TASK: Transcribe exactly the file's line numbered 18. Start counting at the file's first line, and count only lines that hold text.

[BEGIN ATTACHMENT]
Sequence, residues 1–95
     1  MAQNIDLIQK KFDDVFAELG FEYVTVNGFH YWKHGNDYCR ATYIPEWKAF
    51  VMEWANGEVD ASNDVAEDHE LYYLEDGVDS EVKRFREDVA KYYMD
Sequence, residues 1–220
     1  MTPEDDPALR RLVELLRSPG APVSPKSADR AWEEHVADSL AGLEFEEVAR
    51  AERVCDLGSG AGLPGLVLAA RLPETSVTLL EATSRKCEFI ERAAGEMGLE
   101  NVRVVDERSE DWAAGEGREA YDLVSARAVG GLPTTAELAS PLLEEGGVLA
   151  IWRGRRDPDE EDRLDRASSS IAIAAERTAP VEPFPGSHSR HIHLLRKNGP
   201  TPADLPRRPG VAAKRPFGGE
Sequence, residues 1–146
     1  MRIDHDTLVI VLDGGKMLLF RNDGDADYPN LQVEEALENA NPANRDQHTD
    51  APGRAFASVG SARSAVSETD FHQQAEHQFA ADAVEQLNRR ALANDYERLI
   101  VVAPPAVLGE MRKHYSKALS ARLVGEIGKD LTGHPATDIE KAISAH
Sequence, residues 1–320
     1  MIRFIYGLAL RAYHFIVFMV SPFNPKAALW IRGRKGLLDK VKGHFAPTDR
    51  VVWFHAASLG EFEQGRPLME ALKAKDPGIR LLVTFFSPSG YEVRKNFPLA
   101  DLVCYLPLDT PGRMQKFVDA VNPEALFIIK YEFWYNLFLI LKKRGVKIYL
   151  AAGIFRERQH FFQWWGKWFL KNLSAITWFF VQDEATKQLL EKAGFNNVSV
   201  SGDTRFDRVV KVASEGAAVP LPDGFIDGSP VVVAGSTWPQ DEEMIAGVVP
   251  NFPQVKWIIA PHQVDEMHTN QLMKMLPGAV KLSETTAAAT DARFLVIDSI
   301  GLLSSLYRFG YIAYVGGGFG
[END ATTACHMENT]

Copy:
   151  AAGIFRERQH FFQWWGKWFL KNLSAITWFF VQDEATKQLL EKAGFNNVSV